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Georgia secondary coach resigns; blame Auburn?


One of the most memorable moments from Georgia’s 2013 season ended up being the play that ultimately swung Auburn’s momentum to an SEC championship. An overthrown deep pass on fourth and long from Nick Marshall was tipped by a Georgia defender and ended up in the hands of Ricardo Louis, who ran uncontested for a game-winning touchdown to keep an SEC championship dream alive. Nebraska also had a 99-yard touchdown pass in the Gator Bowl. For Georgia, these were two of many nightmares from the 2013 season. They were also nightmares that may have contributed to a change on the coaching staff in Athens this off-season.

Georgia secondary coach Scott Lakatos has resigned from his position on the staff, citing personal reasons for the decision. The school announced the coaching change with a brief statement on the team’s website.

“We are very appreciative of Scott’s contributions to our program over the last four years and I have a great amount of respect for him as a coach and as a person,” head coach Mark Richt said in a statement. “We wish him and his family nothing but the best.”

Georgia ranked ninth in the SEC in pass defense, allowing 227.4 yards per game through the air and 18 passing touchdowns. Opposing quarterbacks had a combined passer rating of 134.74, the fourth highest allowed in the SEC this season. Only Texas A&M, Kentucky and Arkansas allowed a higher combined passer rating in the SEC this season.

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Clemson, ‘Bama, Iowa remain top three in latest Coaches’ Poll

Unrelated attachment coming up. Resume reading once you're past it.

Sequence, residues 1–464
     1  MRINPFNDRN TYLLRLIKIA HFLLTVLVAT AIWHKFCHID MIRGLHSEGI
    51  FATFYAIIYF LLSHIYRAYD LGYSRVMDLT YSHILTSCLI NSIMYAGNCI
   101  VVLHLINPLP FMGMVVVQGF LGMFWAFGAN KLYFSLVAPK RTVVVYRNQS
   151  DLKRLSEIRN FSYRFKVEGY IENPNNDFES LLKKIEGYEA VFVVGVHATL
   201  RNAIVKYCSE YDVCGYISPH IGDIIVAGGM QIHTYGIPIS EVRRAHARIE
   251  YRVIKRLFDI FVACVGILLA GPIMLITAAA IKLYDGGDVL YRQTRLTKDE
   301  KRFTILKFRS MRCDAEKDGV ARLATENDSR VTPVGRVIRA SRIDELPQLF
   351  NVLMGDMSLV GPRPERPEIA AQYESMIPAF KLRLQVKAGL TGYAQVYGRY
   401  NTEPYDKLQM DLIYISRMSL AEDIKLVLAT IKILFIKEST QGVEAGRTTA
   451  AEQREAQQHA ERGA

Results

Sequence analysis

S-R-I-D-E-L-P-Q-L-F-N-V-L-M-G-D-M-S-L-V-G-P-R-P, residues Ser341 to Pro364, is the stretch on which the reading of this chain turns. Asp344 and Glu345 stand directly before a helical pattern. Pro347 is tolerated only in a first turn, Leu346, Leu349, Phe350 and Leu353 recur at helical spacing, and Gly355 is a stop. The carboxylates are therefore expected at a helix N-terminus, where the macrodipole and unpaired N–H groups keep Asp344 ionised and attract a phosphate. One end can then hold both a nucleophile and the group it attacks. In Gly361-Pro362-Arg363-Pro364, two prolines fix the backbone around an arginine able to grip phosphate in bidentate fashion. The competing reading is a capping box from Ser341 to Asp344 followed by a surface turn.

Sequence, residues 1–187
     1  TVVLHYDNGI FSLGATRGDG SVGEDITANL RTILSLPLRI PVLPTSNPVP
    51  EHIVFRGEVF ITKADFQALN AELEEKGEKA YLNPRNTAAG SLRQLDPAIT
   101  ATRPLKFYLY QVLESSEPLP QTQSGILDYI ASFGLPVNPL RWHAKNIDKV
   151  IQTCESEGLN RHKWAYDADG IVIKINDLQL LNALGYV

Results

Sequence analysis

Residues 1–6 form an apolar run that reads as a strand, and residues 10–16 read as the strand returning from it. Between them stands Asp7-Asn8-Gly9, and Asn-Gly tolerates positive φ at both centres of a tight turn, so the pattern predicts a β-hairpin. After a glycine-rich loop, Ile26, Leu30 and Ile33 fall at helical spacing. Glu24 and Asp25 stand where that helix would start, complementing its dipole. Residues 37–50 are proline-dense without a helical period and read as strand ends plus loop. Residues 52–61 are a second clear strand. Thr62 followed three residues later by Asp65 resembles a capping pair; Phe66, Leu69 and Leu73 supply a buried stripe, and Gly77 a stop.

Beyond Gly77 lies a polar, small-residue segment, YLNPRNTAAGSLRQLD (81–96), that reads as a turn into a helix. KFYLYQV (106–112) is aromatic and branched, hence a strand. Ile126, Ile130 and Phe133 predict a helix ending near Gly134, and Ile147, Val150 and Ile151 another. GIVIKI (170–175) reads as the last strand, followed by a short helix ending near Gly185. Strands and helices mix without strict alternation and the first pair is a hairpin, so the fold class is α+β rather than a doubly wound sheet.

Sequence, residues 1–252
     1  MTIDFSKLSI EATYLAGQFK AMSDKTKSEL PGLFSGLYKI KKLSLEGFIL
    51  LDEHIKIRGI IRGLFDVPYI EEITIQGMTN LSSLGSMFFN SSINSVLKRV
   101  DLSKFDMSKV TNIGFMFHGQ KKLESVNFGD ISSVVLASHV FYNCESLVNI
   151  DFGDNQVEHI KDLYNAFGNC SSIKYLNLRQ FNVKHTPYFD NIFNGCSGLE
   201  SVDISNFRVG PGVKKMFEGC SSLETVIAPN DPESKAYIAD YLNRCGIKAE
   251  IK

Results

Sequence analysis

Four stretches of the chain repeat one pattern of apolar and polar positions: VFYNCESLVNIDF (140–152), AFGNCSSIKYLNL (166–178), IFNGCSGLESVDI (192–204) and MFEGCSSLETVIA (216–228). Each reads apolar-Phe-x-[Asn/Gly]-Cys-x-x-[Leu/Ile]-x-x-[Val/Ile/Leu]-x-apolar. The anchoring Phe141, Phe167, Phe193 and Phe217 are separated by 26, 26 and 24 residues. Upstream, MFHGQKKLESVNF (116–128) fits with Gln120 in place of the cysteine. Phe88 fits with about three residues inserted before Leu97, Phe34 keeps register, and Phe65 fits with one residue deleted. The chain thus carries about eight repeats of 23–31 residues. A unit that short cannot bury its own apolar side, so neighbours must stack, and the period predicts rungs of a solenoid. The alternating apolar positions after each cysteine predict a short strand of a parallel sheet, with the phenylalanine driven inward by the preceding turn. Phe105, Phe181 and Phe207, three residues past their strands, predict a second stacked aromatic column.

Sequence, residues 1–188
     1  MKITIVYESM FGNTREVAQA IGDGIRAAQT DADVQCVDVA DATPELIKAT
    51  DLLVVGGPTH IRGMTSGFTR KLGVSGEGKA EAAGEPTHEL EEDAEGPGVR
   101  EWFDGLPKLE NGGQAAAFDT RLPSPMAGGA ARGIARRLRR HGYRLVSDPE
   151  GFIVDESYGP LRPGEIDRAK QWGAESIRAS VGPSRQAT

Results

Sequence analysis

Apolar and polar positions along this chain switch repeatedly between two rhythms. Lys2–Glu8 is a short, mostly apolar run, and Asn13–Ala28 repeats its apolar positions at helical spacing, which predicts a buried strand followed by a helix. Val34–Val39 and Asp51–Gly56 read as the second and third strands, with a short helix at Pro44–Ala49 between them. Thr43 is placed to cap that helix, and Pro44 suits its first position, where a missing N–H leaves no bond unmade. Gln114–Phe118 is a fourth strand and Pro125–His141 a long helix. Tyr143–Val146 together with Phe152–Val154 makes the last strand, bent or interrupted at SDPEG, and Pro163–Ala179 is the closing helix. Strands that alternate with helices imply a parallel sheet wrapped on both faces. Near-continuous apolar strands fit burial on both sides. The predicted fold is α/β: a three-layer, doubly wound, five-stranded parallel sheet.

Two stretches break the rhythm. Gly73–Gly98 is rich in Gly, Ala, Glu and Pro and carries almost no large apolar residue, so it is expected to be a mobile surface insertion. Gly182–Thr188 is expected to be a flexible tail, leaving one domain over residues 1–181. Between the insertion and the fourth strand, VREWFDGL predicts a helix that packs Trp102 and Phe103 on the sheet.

Dabo Swinney
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Hey, how about some actual on the field football news?

The latest Amway USA Today Coaches’ Poll was released Sunday afternoon, with the top three remaining entirely unchanged. Oklahoma moved up from fifth to fourth, while Ohio State is now just one spot behind Michigan State at sixth.

Michigan was this week’s biggest loser, falling from 12th to 19th, while USC leapt from 32nd to 24th thanks to a big win over UCLA.

The full poll:

1. Clemson – 1,558 points (52 first-place votes)
2. Alabama – 1,508 (8)
3. Iowa – 1,412 (1)
4. Oklahoma – 1,408
5. Michigan State – 1,350
6. Ohio State – 1,252
7. Stanford – 1,155
8. North Carolina – 1,107
9. Florida State – 1,054
10. Notre Dame – 994
11. TCU – 931
12. Baylor – 836
13. Northwestern – 768
14. Oklahoma State – 688
15. Florida – 655
16. Oregon – 634
17. Ole Miss – 595
18. Houston – 526
19. Michigan – 515
20. Utah – 287
21. Temple – 276
22. Navy – 223
23. LSU – 207
24. USC – 164
25. Wisconsin – 148

Rutgers reportedly ousts AD Julie Hermann, head coach Kyle Flood

Kyle Flood
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Rutgers is reportedly heading into a Black Sunday fire sale, ousting AD Julie Hermann and head coach Kyle Flood on the same day.

The Ausbury Park Press reported early Sunday afternoon Hermann was fired at RU president Robert Barchi‘s house in a meeting that lasted all of 11 minutes. The first female athletics director in Big Ten history, controversy followed Hermann from her first day on campus, whether it was questions of possible mistreatment during her stint at Tennessee’s volleyball coach, to saying “it would be great” if Rutgers’ local paper went under, to making inappropriate statements about Jerry Sandusky to angering former Scarlet Knights player Eric LeGrand.

Shortly after the Hermann news broke, reports emerged stating Flood will follow Hermann out the door.

Flood began his tenure as Rutgers’ coach with a 9-1 start in 2012, but won just 18 of 41 games after that, including four of 16 games since joining the Big Ten.

In addition to stumbling on the field, Flood was suspended three games this season for academic violations and had multiple players suspended for crimes ranging from home invasion to assault.

Mike London resigns as Virginia head coach

Mike London
Associated Press